In Oakland, the Broadway-Valdez District Specific Plan has moved forward in fits and starts, but the desire remains to unlock the potential of vacant and underutilized parcels along Broadway Auto Row and reinvigorate the corridor — somehow. Whether this part of town ultimately fulfills its promise as the destination retail quarter that Oakland has lacked, becomes a distinctive neighborhood in its own right, or some combination of the two, I have long hoped that any plan prepared for this area would be ambitious enough to extend the energy of downtown northward, so that the neighborhood itself assumes the character of a downtown district. It should build on the revitalization of Uptown that has gained serious momentum since the reopening of the Fox Theater, while contributing to a long-term goal of transforming Broadway into an artery of consistent vibrancy extending from Jack London Square through downtown at least to the MacArthur Freeway overpass, and perhaps as far north as Rockridge.
The Broadway-Valdez specific plan area, which encompasses a relatively narrow band of blocks draped around Broadway directly north of the Uptown district, contains many smaller parcels that pose both a challenge and an opportunity. But one particular parcel I have had my eye on is the lot located at the northwest corner of 30th Street and Broadway (pictured above), which is a key opportunity site to do a major development. Its location farther from downtown perhaps makes the site better suited as a mixed use building that adds neighborhood retail space to Broadway and apartments above the ground floor instead of destination retail. But the buildings on this northern edge of the plan area could serve another function, acting as a “gateway” entrance to the greater downtown area. The fact that the site backs up to Pill Hill, where there are presently larger medical buildings, makes it an even more promising location for high density — dare I say, a tower or two? — than some other locations in the plan area, where there are modestly sized parcels located near structures that it may be deemed are desirable to preserve.
But shaking us out of our reverie of graceful towers lining Oakland’s main street — a modern urban neighborhood pointing the way south toward the historic downtown spine — is the proposed Shops at Broadway project. As described in the environmental impact report (EIR) notice (PDF):
The proposed Project involves construction of an approximately 35,750 sq. ft. single-story commercial development consisting of an approximately 26,000 sq. ft. anchor tenant (grocery store) and approximately 9,750 sq. ft. of retail space (which may include up to 6,000 sq. ft. of restaurant space). 171 parking spaces are proposed.
The Broadway-Valdez specific plan may not yet be complete, but even this short, preliminary description betrays the possibility that the Shops at Broadway project will be in tension with (or just plain undermine) the plan’s goals that have already been articulated. Retail and restaurant space is well and good, but how would 171 parking spaces enhance the plan’s goal of promoting walking, transit, and cycling with complete streets and an attractive pedestrian realm? Would the building be constructed so as to create a continuous streetwall and retail frontage on Broadway, or would pedestrians (and bus riders waiting at the adjacent bus stop) be treated to a view of parking and forced to contend with vehicle queues entering and exiting the grocery store? And even if the building is not set back and curb cuts are confined to the rear and sides of the site, how can a single-story commercial building that occupies a large, prominent corner parcel be reconciled with the specific plan’s goal of creating a “high-density mixed use boulevard” in the northern portion of the plan area?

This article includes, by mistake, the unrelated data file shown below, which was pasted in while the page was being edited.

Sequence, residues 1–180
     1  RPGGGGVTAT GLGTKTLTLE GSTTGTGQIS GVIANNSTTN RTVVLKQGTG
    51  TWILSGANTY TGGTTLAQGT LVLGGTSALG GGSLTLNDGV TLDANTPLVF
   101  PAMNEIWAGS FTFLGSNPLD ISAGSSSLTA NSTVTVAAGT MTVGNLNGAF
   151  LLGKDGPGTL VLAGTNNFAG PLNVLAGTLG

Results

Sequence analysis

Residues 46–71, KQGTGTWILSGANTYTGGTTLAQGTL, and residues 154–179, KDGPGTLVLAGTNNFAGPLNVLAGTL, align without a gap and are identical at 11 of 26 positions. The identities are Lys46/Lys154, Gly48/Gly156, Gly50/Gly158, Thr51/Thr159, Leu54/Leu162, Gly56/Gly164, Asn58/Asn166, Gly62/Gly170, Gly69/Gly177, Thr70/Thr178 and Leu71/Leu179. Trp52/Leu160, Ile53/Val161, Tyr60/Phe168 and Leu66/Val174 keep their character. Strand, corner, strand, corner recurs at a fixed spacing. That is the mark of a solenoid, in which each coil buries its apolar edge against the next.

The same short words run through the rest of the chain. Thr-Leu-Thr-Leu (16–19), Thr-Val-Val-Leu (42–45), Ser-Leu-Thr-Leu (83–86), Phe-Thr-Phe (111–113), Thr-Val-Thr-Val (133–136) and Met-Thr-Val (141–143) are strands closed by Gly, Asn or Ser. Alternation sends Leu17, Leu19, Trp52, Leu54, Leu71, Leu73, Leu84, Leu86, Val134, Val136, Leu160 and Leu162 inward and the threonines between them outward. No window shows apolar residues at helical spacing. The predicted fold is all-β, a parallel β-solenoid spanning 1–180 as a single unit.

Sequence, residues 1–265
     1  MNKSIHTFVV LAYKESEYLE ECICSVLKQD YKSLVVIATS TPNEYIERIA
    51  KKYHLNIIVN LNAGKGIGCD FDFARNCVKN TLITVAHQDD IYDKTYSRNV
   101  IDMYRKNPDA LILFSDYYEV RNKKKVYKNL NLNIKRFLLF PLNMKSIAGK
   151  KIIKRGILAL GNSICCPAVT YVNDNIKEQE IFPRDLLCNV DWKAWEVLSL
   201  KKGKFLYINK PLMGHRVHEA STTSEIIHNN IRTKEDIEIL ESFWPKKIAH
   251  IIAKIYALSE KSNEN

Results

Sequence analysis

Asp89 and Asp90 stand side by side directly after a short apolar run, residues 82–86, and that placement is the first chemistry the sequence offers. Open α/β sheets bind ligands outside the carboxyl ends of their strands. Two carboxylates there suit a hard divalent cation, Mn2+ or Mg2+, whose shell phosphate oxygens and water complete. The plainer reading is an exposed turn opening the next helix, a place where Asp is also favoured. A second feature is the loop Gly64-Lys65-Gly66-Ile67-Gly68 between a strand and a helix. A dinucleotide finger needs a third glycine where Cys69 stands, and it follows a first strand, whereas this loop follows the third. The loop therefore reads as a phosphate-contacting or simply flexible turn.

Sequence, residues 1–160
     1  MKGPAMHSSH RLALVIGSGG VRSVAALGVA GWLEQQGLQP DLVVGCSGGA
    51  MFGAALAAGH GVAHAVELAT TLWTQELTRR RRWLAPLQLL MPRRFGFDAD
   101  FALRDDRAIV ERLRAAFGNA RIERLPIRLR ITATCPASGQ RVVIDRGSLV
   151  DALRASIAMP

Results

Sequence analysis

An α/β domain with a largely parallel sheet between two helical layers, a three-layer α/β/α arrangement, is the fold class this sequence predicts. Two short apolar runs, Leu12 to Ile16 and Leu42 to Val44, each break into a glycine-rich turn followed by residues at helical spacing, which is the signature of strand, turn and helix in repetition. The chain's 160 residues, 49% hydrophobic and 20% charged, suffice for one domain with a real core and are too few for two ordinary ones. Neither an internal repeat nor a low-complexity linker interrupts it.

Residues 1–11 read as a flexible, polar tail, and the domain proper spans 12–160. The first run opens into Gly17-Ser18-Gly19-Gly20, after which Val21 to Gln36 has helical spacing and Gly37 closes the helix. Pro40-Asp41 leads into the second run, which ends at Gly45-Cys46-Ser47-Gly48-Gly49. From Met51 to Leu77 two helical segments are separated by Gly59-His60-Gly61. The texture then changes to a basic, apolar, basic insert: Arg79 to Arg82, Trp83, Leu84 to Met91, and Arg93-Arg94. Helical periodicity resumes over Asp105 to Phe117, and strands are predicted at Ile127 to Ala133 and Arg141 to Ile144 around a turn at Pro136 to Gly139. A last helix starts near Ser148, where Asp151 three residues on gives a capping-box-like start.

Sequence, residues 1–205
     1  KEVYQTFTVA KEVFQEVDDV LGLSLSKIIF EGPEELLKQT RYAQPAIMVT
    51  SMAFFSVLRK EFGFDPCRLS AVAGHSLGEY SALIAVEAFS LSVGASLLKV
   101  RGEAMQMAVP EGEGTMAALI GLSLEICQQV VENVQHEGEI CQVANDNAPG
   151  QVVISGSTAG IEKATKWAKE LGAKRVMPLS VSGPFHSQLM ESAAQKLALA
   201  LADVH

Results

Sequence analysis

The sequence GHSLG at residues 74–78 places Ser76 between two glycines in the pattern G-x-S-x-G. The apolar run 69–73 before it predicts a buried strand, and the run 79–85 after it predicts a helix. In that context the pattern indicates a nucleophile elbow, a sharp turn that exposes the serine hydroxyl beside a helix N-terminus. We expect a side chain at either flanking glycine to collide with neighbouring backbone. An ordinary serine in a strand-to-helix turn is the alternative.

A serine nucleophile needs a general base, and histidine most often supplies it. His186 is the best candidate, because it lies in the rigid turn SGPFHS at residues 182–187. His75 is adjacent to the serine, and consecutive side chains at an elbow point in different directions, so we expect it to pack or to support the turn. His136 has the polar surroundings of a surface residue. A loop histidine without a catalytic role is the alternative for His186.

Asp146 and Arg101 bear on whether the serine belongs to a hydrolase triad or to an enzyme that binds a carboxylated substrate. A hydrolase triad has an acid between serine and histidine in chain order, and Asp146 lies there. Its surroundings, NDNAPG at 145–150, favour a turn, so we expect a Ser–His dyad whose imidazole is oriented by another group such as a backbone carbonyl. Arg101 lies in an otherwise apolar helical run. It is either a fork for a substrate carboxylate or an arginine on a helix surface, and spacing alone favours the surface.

Indeed, earlier this spring, the developer sought to have this parcel excluded altogether from the Broadway-Valdez specific plan area — probably anticipating that the specific plan would proceed slowly and wanting to advance its own project on a faster timeline, but perhaps also not wanting to be burdened with designing a project subject to the plan. The request to exclude this parcel from the plan was not granted, so the parcel remains within the plan area. Nonetheless, Shops at Broadway will proceed on its own environmental review track parallel to that of the specific plan. If the project advances ahead of the plan and takes a form that contradicts the plan’s goals, this parcel may, in practical effect, be carved out from the plan anyway. That would be a disappointing result, as large parcels like this one will be instrumental in absorbing much of the growth in this area.
Fortunately, Shops at Broadway is in the beginning stages, and there may still be an opportunity to encourage the project sponsor to shape this proposal into something more consistent with the vision of a dense, mixed use district. The City is accepting public comment to determine what the EIR should analyze. There is a planning meeting at Oakland City Hall on the evening of August 29, and comments can also be emailed. If you have a chance to submit a comment, please do so before August 31 at 5:00 pm; the details on how to submit comments are explained in the EIR notice (PDF). If this project must be advanced on a separate track from the specific plan, it should at least look beyond an anachronistic single-story building with lots of parking. In particular, it should evaluate a project and project alternatives that explore higher densities, less parking, and a respectable urban form that befits this central city location.